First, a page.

5. Extra Flavor: Before flipping your food, pour another tablespoon of butter over the top of the meat, followed by a touch more of the spice mix. This will help blacken the other side too. 

It’s normal to have a bit of smoke particularly at the start of the process, so put your exhaust fans on to clear it easily.

This process of blackening can be used on many foods, but is most popularly used on:

  • Blackened Fish
  • Blackened Chicken
  • Blackened Steak
  • Blackened Pork
  • Blackened Shrimp

The fundamental technique stays the same no matter what you are blackening. And all you need is a hot skillet, preferably cast iron, butter, and your seasoning.

Blackened Vs. Charred

Homemade charred filet mignon steak

Unlike blackened meat, charred meat doesn’t require the use of spices. Instead, you simply place it on the grill and let it cook until it develops a crispy, charcoaled crust. Charred meat might look similar to blackened meat, but when you take a bite, you’ll find that it lacks the spicy flavor that people associate with Cajun cuisine. 

You can char just about anything: chicken, turkey, pork, beef, venison, duck, fish, vegetables, tofu and anything else that tastes good with a crispy crust. Charred food should have a delicious smoky flavor and a tender, juicy interior. You could add a sauce, marinade or dry rub to your meat, but there’s nothing wrong with the simple pairing of a nice chewy charred exterior, and savoury tenderness of the meat.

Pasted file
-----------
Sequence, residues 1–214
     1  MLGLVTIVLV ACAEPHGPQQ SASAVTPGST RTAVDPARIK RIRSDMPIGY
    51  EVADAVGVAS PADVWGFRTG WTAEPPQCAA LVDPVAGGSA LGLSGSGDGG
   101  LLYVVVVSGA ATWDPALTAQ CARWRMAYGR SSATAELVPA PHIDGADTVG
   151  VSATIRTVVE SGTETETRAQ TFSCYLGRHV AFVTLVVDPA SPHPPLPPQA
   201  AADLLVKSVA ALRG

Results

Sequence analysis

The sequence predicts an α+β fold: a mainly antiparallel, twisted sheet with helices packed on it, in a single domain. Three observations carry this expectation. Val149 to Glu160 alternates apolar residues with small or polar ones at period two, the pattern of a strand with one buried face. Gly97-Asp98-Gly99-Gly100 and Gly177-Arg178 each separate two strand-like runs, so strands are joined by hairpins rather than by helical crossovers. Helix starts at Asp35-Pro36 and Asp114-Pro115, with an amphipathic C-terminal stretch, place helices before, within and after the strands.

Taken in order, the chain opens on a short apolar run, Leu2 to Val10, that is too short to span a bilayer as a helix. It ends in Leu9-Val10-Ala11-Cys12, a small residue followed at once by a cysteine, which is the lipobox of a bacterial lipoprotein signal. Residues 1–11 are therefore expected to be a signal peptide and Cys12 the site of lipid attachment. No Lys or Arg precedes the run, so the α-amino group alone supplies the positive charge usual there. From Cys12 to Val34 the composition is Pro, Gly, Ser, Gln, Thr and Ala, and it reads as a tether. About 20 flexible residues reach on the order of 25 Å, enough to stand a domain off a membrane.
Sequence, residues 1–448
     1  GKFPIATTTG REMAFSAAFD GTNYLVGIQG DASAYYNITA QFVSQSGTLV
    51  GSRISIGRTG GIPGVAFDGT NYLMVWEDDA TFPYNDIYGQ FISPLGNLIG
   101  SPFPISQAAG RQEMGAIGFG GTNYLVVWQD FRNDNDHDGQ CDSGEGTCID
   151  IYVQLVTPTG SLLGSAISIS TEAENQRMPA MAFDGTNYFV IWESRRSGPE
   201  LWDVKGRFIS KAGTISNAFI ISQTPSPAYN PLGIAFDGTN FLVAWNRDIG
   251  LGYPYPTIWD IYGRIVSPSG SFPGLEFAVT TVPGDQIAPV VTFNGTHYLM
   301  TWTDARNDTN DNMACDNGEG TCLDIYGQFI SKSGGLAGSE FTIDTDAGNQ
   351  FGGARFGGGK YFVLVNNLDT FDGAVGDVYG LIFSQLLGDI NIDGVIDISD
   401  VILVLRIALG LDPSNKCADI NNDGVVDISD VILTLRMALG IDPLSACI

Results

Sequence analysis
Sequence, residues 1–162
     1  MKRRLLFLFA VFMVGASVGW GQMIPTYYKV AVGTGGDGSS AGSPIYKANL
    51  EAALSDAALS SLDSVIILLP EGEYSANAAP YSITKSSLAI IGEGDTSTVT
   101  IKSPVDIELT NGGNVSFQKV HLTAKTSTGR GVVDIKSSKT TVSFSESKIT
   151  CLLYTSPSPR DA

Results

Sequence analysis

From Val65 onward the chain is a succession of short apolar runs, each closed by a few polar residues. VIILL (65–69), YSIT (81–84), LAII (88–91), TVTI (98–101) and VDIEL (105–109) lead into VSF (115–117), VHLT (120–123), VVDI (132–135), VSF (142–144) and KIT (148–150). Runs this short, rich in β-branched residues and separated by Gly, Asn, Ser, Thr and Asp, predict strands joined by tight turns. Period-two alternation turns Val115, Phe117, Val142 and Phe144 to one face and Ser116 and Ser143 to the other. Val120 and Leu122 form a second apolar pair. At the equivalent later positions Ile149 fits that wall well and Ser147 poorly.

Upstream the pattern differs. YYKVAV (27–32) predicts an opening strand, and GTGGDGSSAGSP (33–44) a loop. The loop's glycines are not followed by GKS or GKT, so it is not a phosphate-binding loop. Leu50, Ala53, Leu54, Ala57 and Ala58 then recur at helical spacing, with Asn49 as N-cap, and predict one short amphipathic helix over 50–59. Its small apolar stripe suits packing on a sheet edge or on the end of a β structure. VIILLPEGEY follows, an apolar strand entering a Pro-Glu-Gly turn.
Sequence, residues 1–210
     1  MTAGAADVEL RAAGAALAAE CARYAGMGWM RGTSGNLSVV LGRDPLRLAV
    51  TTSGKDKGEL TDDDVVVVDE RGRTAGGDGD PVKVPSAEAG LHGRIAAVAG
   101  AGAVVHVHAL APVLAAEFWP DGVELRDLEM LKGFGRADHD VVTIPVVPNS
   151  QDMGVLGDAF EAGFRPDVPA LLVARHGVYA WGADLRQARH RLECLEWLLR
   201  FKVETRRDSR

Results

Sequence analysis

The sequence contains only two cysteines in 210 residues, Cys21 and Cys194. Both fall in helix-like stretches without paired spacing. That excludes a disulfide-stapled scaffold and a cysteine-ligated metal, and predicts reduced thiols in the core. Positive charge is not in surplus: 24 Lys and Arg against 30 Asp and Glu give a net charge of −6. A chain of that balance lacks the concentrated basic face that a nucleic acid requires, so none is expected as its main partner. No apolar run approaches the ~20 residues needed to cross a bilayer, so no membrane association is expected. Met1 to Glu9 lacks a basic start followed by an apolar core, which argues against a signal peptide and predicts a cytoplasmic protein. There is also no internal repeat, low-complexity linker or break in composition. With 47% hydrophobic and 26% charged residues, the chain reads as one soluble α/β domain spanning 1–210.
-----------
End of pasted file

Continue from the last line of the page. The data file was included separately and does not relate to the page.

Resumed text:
Most people don’t attempt to char meat until they’ve mastered the art of grilling because it’s much easier to overcook your meat, and if done wrongly you’ll get a mouth full of charcoal.

Blackened Vs. Burnt

Even though blackened meat looks similar to burnt meat, when it comes to texture and flavor there is a clear difference. 

Unlike blackened meat, burnt meat tends to have a hard, dry texture and a tough exterior that’s hard to chew. For most people, burnt meat has an unpleasantly bitter flavor. However, some people prefer the unique taste of burnt food. If you’re one of those people, you can burn just about anything: meat, vegetables, tofu and anything else you throw on the grill. Burnt food is one of the easiest cooking methods because it involves deliberately leaving your food on the grill for too long. 

Blackened meat might look burnt on the outside, but it actually has a savory blend of spices and a rich, juicy flavor inside. Instead of a tough, chewy exterior, blackened meat has a crispy crust that brings out the natural flavor of the meat. Blackened meat is usually more tender too, as with burnt meat it often gets much more overcooked.